Osteomyelitis is a bone infection characterized by progressive inflammatory destruction after formation of new bone. It may be chronic or acute. It commonly results from a combination of local trauma—usually trivial but causing a hematoma—and an acute infection originating elsewhere in the body. Although osteomyelitis usually remains localized, it can spread through the bone to the marrow, cortex, and periosteum. Possible consequences include amputation of an arm or leg when resistant chronic osteomyelitis causes severe, unrelenting pain and decreased function due to weakened bone cortex. Acute osteomyelitis is usually a blood-borne disease and most commonly affects rapidly growing children. Draining sinus tracts and widespread lesions characterize chronic osteomyelitis, which is rare.
Osteomyelitis occurs more often in children (especially boys) than in adults—usually as a complication of an acute localized infection. The most common sites in children are the distal femur and the proximal tibia, humerus, and radius. The most common sites in adults are the pelvis and vertebrae, generally after surgery or trauma.
Incidence of osteomyelitis is declining, except in drug abusers. With prompt treatment, prognosis is good for acute osteomyelitis but remains poor for chronic osteomyelitis.
· Minor traumatic injury
· Acute infection originating elsewhere in the body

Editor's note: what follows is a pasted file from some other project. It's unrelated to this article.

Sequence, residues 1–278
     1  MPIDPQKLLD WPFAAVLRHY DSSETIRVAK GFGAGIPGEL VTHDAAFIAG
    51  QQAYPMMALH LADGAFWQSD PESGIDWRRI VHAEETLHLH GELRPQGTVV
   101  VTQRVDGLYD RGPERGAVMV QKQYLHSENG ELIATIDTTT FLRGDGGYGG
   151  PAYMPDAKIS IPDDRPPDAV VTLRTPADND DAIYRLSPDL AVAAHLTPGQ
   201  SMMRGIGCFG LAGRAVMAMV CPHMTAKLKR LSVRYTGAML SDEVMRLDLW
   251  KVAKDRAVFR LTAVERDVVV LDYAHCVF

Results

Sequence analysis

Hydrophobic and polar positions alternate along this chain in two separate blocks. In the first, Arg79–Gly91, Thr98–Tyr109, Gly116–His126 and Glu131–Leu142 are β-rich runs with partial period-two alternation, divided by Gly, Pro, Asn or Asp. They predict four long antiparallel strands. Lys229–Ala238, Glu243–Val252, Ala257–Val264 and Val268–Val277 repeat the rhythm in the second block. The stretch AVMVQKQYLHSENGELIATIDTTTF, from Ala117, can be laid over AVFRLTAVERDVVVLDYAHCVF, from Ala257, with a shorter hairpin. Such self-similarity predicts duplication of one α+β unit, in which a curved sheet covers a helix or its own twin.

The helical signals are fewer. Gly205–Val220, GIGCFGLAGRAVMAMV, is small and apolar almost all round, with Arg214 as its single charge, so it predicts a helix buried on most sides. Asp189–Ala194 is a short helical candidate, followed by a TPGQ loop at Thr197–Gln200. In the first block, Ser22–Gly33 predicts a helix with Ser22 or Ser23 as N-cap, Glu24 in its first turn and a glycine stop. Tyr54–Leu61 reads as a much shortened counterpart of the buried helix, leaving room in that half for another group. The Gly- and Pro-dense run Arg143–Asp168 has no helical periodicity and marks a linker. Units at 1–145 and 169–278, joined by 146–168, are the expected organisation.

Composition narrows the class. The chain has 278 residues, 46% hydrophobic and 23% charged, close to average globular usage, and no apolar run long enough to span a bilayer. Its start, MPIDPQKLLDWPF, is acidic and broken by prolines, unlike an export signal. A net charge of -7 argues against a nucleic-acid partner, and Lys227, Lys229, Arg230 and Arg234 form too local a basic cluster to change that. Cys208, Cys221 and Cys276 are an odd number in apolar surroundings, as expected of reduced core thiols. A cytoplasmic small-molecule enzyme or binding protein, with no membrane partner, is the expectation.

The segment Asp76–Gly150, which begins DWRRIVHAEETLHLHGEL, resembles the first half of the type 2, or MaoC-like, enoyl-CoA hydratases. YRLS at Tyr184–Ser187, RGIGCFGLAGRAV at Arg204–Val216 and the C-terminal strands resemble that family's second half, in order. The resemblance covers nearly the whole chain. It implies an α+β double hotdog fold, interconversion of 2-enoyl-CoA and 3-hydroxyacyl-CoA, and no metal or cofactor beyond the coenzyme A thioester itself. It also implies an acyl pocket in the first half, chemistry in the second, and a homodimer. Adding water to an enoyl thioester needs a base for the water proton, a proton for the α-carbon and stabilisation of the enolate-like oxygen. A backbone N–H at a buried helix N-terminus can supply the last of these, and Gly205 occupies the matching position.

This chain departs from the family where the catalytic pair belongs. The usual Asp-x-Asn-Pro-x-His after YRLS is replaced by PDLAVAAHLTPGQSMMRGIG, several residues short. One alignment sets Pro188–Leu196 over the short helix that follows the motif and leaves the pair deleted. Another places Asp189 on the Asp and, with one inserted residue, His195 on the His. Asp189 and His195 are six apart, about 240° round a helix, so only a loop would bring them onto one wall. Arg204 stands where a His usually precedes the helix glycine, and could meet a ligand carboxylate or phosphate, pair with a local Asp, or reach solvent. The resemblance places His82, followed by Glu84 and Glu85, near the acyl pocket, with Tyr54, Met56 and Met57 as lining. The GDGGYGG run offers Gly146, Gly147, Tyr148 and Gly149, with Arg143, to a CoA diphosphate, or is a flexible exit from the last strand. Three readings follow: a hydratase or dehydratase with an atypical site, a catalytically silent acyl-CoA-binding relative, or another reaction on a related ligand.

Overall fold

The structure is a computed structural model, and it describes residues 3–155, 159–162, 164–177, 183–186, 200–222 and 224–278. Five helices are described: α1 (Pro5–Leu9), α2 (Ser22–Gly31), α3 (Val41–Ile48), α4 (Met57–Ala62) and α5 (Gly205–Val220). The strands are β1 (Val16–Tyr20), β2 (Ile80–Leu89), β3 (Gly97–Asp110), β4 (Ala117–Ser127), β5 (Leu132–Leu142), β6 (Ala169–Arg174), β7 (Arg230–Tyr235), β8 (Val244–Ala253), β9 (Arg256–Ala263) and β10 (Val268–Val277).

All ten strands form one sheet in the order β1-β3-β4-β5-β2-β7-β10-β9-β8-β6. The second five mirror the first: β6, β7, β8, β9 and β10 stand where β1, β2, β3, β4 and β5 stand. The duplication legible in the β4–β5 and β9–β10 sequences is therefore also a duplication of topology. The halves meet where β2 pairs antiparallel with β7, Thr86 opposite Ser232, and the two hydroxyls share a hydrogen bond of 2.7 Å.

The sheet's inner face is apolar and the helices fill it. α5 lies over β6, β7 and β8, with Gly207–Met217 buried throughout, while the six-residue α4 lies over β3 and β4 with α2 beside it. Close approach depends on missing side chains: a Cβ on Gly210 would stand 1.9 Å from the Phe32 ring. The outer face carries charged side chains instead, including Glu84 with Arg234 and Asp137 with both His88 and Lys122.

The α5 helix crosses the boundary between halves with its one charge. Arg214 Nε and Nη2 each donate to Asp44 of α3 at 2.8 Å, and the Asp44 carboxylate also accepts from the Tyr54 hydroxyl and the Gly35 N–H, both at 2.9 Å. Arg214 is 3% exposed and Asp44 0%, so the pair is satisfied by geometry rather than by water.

· Staphylococcus aureus (most common)
· Streptococcus pyogenes
· Pneumococcus species
· Pseudomonas aeruginosa
· Escherichia coli
· Proteus vulgaris
· Pasteurella multocida (part of normal mouth flora in cats and dogs)
Typically, a pathogen finds a culture site in a hematoma after recent trauma or in a weakened area, such as the site of local infection (for example, furunculosis), and travels through the bloodstream to the metaphysis, the section of a long bone that's continuous with the epiphysis plates, where the blood flows into sinusoids. Pus is produced and pressure builds in the rigid medullary cavity. An abscess forms and the bone is deprived of its blood supply. Necrosis results and new bone formation is stimulated. Dead bone detaches and exits through an abscess of the sinuses and osteomyelitis becomes chronic.
Signs and symptoms
· Sudden pain and tenderness in the affected bone
· Swelling, restricted movement of surrounding soft tissues
· Chronic infection presenting intermittently for years, flaring after minor trauma or persisting as drainage of pus from a pocket in a sinus tract
· Chills, nausea, and malaise
· Drainage of pus
Diagnostic test results
· White blood cell count and erythrocyte sedimentation rate are elevated.
· Blood cultures show causative organism.
· X-ray may not show bone involvement until disease has been active for 2 to 3 weeks.
· Magnetic resonance imaging delineates bone marrow from soft tissue.
· Bone scans detect early infection.
· Immobilization of affected body part by cast, traction, or bed rest
· Supportive measures, such as analgesics for pain and I.V. fluids to maintain hydration
· Incision, drainage, and culture of an abscess or sinus tract
· Systemic antibiotics
· Intracavitary instillation through closed-system continuous irrigation with low intermittent suction
· Limited irrigation; blood drainage system with suction (Hemovac)
· Packed, wet, antibiotic-soaked dressings
· Surgery to remove dead bone and promote drainage (prognosis remains poor even after surgery)
· Hyperbaric oxygen
· Skin, bone, and muscle grafts
STAGES OF OSTEOMYELITIS